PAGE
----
64

If you're a dragon, why are you gathering coins one at a time? If I'm a dragon, the biggest baddest dude on Middle Earth or Faerun or wherever, I'm not going to pick-pocket people. I'm not robbing local barons, I'm going to knock over a king's palace and take the Peacock Throne and the Crown Jewels. I'm not going after the loose change in the offering plate,...

58

Dragons can't swim. Your dragons can fly 1000 miles but they cannot see 1000 miles. Nothing can. On the ground you can see 10-15 miles. In a plane maybe you can see 150-200 miles. If a dragon sets out over water and it sees only water in front of it, it will turn around before it loses sight of the land behind it. A flying dragon wants to always have ...

55

I'm going to go with underground shelters being a major part of defense, like bomb shelters. Buildings would be made of thick stone. It mainly sounds like they would be a problem in the spring. So I don't know if underground only living would be worth it, but people might move most of their belongings down into the shelters toward the end of winter, ...

54

Bows are not as useful against dragons. The dragon’s fire breath gives it a superior ranged attack as well. A one-on-one ranged duel with dragon usually ends in the dragon's favor, save in the case of the most skilled bow man. Even massing a large body of archers is not the best. The dragon will either close the gap and enter melee combat with the poorly ...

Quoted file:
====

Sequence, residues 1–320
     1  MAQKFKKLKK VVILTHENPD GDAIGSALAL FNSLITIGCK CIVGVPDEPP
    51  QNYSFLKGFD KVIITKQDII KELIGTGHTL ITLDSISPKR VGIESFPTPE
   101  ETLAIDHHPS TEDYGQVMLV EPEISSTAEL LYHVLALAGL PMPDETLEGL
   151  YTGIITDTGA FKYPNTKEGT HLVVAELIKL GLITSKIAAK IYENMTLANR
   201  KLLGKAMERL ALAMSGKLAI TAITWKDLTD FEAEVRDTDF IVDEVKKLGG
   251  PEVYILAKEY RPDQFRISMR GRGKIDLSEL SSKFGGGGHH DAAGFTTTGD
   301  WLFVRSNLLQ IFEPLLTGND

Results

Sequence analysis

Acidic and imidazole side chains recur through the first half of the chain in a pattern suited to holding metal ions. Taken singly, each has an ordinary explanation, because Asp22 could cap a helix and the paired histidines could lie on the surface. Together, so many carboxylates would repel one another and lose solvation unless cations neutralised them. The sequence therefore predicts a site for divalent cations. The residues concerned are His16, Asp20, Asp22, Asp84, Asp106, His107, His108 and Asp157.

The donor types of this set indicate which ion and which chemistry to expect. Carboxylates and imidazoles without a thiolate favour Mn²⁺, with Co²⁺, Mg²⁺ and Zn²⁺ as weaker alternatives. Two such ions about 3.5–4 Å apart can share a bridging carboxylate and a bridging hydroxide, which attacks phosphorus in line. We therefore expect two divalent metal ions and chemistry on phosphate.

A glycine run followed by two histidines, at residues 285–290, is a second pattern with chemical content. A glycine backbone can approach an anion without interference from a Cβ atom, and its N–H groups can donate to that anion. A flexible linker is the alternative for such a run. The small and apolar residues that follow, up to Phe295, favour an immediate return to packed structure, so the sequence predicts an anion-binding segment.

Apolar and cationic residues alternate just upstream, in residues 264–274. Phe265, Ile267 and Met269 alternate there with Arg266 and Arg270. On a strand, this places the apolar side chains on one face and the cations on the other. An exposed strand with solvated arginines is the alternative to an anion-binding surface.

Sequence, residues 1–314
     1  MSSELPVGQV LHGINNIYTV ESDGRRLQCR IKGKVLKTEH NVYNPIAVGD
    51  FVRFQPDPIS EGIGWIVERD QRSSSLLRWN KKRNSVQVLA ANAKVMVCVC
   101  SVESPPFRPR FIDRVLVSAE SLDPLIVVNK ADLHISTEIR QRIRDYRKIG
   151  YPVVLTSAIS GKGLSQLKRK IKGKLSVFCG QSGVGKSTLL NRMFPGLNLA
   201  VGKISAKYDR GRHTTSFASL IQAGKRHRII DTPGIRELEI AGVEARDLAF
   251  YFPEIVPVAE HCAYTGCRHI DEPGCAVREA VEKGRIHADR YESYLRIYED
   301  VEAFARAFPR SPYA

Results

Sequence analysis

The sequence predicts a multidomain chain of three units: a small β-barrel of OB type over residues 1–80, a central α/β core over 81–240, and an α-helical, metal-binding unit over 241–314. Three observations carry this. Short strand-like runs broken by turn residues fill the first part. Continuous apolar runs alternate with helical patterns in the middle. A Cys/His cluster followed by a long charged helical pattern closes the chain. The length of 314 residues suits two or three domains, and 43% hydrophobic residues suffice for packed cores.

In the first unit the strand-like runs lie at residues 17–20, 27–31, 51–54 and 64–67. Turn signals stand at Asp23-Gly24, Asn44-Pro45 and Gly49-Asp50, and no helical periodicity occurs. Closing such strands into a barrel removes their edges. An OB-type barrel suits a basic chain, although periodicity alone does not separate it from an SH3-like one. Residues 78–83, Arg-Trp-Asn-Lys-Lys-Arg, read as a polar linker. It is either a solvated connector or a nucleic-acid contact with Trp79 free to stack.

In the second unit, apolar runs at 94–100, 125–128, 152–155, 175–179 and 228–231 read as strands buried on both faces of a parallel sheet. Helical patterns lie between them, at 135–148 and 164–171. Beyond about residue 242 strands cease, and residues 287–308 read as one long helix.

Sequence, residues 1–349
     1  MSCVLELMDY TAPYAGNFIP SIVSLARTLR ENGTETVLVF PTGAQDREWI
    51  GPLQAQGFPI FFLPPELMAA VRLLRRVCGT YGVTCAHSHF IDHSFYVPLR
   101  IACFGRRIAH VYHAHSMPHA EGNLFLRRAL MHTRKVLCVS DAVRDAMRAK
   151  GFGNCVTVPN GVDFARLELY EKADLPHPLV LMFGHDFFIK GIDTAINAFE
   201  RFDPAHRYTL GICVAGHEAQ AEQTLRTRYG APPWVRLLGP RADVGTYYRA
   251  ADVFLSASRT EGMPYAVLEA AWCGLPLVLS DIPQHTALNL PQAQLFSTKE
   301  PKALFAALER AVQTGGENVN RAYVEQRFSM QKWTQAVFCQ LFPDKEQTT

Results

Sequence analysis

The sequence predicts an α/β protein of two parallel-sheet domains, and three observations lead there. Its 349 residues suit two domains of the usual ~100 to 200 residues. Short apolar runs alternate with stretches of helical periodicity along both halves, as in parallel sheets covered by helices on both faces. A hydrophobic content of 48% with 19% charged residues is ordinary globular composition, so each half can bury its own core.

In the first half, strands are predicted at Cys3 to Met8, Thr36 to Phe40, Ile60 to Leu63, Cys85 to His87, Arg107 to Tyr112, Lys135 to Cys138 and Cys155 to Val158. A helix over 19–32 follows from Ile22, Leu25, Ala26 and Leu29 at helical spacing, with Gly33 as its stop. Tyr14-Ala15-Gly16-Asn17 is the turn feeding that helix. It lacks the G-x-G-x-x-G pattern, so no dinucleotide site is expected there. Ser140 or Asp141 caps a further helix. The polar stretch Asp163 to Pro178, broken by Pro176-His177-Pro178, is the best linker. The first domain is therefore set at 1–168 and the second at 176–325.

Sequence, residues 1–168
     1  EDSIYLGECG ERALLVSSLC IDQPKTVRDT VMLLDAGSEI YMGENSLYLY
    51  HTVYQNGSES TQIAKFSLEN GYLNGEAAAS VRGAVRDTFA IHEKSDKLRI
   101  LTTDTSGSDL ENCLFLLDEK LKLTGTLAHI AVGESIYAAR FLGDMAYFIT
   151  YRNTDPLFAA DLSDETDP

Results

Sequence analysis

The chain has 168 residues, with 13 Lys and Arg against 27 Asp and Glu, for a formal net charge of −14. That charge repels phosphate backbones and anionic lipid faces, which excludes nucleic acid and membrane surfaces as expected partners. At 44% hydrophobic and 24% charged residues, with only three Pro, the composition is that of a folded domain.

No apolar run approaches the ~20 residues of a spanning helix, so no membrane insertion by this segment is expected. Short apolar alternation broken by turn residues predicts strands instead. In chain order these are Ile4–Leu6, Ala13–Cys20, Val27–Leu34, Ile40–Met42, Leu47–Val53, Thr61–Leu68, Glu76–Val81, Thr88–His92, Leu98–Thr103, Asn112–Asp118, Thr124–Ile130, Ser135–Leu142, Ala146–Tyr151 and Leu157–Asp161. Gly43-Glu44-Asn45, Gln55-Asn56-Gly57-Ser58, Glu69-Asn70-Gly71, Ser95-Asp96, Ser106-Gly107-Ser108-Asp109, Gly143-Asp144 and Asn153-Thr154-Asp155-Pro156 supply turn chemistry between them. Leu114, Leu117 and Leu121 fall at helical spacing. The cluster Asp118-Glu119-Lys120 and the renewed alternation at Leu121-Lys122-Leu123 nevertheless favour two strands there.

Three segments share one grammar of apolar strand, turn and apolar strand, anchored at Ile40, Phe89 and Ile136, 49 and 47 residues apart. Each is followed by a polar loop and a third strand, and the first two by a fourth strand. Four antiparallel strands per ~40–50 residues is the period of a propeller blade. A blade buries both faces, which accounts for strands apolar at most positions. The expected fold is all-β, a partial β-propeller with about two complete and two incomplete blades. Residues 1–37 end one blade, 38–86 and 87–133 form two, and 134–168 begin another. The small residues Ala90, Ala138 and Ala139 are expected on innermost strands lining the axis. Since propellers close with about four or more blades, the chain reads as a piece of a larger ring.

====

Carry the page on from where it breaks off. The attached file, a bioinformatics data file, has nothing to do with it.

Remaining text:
49

Anything can be hit by lightning, as long as it can get in lightning's path, dragons included. Animals, in particular, are more conductive than dry air, so they provide an easier path for the lightning to travel though. The real question would not be whether they can be hit by lightning, but whether they can survive it. That depends on how the electricity ...

46

I'm going to assume you're not talking about something that is genetically engineered for this purpose (otherwise I think the answer is pretty straightforward). The closest analogue to your dragon would be a jet-powered, pressurized Cessna 172. You're going to have a few hurdles to overcome here. Environment A Cessna 172 has a normal service ceiling of ...